Best of Stash 2020: 3D Style

As more directors and designers added powerful and affordable 3D tools to their arsenal in 2020, the scope and quality of work continued to mature – finding broader acceptance in commercial work and exhibiting a wider emotional range.

These seven films represent what we believe is a continuing golden age for CG and some of the most exciting proponents of the genre we call 3D Style, which may be loosely defined as a form of digital magic realism fueled by vigorous experimentation.

All films were published in The Stash Permanent Collection during 2020 and are listed here in chronological order by the date of publication.
“0% FOOD” (above)

Director Lukas Vojir at XK Studio in London, UK: “This film started as an isolated Instagram piece but developed into a full-blown research project into future of food

“I wanted to explore the visual aspect of the food but the driving force was the ‘mechanics’ of these different dishes.”


Matt Winkel, executive producer at ManvsMachine in Los Angeles: A leader in the bed in a box category, Purple realized the only thing they had in common with their competitors was their delivery system.

So we were charged with establishing their premium yet playful offering through highlighting their true product innovation, the Purple® Grid, and its benefits: pressure relief, durability, ventilation, instant response, no motion transfer, and blissful rest.”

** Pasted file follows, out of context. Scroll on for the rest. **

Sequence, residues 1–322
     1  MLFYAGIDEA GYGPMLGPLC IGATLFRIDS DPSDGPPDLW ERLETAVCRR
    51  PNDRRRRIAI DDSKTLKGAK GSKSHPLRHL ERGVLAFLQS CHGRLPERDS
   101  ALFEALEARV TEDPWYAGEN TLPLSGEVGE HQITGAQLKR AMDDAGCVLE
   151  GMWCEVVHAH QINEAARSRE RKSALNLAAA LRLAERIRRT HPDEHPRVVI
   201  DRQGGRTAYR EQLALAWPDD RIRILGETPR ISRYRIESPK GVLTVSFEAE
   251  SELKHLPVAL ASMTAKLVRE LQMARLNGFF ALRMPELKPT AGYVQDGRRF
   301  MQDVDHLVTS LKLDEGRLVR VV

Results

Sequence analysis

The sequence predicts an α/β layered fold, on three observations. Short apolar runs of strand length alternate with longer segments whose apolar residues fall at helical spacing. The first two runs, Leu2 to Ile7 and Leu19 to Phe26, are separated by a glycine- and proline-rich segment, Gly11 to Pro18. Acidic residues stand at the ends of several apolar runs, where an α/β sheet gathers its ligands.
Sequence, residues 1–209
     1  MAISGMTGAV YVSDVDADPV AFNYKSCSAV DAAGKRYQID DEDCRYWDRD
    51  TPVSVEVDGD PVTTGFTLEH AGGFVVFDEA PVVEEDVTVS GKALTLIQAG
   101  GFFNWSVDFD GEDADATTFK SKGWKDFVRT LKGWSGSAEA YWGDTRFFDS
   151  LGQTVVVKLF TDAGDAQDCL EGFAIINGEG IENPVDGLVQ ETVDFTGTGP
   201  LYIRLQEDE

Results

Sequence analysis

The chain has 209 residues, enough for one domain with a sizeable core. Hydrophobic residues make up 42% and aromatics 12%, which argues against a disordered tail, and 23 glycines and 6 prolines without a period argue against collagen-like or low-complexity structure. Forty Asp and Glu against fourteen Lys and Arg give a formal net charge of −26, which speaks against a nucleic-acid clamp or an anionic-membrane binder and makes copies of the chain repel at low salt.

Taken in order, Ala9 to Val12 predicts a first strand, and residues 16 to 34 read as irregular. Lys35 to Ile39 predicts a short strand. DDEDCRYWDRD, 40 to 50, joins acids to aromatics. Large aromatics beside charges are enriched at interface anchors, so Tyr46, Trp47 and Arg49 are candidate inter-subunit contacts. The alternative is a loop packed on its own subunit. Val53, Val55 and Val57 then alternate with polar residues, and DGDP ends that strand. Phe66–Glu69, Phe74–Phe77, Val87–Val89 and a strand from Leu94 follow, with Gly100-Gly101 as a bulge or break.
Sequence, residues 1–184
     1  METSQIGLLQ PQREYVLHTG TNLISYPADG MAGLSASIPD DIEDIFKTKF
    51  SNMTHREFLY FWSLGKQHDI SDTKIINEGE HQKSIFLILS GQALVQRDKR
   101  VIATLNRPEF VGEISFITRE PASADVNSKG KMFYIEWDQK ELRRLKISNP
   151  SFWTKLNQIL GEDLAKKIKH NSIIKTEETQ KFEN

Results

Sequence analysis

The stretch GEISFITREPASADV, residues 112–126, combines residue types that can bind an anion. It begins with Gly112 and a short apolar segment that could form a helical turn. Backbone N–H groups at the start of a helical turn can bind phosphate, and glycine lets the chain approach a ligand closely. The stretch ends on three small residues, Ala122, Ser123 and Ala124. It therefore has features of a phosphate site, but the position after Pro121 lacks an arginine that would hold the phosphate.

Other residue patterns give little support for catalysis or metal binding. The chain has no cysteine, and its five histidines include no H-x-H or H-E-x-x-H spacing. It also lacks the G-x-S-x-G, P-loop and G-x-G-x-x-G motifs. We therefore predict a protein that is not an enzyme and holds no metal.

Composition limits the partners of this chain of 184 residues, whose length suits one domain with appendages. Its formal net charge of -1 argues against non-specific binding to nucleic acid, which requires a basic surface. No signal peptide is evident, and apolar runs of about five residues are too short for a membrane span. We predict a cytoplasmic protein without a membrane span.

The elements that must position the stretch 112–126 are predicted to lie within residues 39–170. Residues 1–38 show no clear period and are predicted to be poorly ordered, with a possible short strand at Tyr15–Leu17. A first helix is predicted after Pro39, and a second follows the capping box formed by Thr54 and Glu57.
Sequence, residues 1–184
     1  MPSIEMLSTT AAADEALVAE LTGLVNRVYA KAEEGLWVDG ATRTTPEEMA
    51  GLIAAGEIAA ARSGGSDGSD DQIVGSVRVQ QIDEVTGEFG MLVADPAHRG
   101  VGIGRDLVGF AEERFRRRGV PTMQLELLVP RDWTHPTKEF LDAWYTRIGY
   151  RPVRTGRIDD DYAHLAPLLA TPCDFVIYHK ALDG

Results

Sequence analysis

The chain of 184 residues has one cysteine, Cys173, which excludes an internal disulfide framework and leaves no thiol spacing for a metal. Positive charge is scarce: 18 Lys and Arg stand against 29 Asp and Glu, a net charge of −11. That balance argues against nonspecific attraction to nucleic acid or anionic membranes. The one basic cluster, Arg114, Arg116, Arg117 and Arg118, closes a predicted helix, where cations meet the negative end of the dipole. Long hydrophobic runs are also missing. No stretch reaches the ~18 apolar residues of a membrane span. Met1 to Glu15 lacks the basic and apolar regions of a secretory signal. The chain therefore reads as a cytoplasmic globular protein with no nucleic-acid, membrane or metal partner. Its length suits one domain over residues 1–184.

Ilya Perevedentsev and Valeriy Lunchuk, owners at superdesigners studio in Moscow: “We were always eager to do some work in the fashion industry, to experiment with fabrics, clothing, accessories and connect it with art storytelling. However, we couldn’t find any projects of this kind.

“I suggested creating a video to the founder of a Kiev techwear brand I liked. Unfortunately, we didn’t go any farther than sketches. And that was when we realized we need to carry out such a creative project where we play the role of the client.”


Director/animator Peter Tomaszewicz in London: “This was a personal project. We wanted to create something fun but also design-worthy. There are a lot of elements of surrealistic movements which are the main keys to our body of work.

“From the beginning, Christiana and I had a general idea of the style, look and feel that we wanted to follow. The main challenge was to make sure there was a nice flow between the scenes without having to compromise on the craziness of the designs.”


Theodor Groeneboom, animator at Rebel Unit in Bergen, Norway: “We were commissioned to create an abstract visualization of the awakening of a fictional AI character for Tonje Hessen-Schei’s documentary iHuman.

“The concepts around AI (AGI and superintelligence) are high concepts that have been explored in many ways. Often in terms of anthropomorphizing the machine as a human or human-like with robotic features. We wanted to still have the cold technical and mechanical feel, but introduce human-like shapes into the network of lines and nodes.”


Directors Vincent Schwenk and Vitaly Grossmann in Hamburg, Germany: “Our task was to integrate a selection of Microsoft UI elements into different worlds and show their attributes as playful but also technical. Our central theme was Design to Code.

“One challenge was to find a visual language, especially a perfect setting to implement the Microsoft UI Design. The other challenge was to find a good metaphor for the UI elements.”


Director Oriol Puig at Trizz in Barcelona: “We started the process by speaking to Dermot, gaining insight into the inner meaning of his lyrics, for example: change, what we used to be, which we can only look back on, time moves on inexorably.

“This got me thinking. What if there was a way to visualize these changes in nature, visual emotional representations of change and evolution? Sculptural objects, man-made or natural, doesn’t matter.”